Guest Contributor | Apr 20, 2017 | 0
Trade Forum reports on chicken import tariff
A trade brief released by the Namibia Trade Forum (NTF) last week, stated that the Southern African Customs Union is imposing a 200-day Provisional Payment of 13.9% duty on frozen bone-in chicken of EU origin.
The NTF is of the opinion that local importers of this particular chicken product are affected and the impact might be felt on the consumer. The trade forum said that it is investigating the extent of the tariff’s impact on local importers and retailers.
After the 200 days has lapsed, it will be up to the South African Minister of Trade and Industry to opt for an extension or not of the safeguard measure, which in this case applies only to the designated product.
Senior Trade & Investment Policy Analyst at the Namibia Trade Forum, Maria Immanuel, said that the temporary restriction is not a dumping claim as reported earlier but a precaution against it.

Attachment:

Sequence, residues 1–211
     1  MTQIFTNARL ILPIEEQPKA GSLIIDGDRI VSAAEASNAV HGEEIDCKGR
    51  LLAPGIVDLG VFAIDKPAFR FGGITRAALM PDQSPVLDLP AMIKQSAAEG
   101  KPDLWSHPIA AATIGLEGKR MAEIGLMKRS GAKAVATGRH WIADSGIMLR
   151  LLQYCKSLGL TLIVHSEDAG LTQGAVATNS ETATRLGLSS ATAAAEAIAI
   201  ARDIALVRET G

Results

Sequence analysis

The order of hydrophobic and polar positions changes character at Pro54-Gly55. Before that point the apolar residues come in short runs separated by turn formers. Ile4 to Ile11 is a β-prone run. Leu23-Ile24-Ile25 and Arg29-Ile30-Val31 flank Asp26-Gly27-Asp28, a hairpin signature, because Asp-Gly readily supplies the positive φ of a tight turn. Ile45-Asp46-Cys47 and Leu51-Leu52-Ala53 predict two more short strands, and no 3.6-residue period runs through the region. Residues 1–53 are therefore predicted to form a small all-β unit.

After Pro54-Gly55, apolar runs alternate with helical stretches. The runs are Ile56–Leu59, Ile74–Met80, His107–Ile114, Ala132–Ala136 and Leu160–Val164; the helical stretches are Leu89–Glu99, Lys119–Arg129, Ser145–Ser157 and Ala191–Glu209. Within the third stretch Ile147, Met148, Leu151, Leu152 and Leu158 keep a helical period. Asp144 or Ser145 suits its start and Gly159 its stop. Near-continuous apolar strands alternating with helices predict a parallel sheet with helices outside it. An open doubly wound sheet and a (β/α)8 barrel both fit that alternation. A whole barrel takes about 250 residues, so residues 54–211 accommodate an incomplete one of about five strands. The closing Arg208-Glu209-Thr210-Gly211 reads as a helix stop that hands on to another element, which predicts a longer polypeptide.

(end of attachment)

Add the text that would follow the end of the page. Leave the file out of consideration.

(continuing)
“This development was an accumulation of events that began in 2015, when the South African poultry industry applied to the South African International Trade Administration Commission for protection against imports from the EU” the trade brief stated.
The tariff comes into effect after the investigation process conducted by South Africa’s International Trade Administration Commission concluded that there was an increase in the volume of this specific imported chicken from the EU.
The application by the South Africa Poultry Producers to the commission was submitted in terms of the bilateral trade agreement between South Africa and the EU, the Trade Development Cooperation Agreement (TDCA) which facilitated the import of chicken from the EU duty free.
This agreement has since been replaced by the SADC – EPA agreement which came into force in October 2016. The provisional tariff on any of the particular chicken product (frozen bone-in) has been implemented since 15 December 2016 for 200 days and will end on 3 July 2017.
Namibia currently implements Quantitative Restriction on the poultry industry as a measure to support the local industry allowing for a maximum of 1500 tonnes of chicken imports per month.
The local poultry consumption is estimated to be approximately 3000 tonnes per month.
Local producer, Namib Poulty Industries, only supplies about 1200 tonnes per month indicating that the majority of locally consumed chicken is still imported.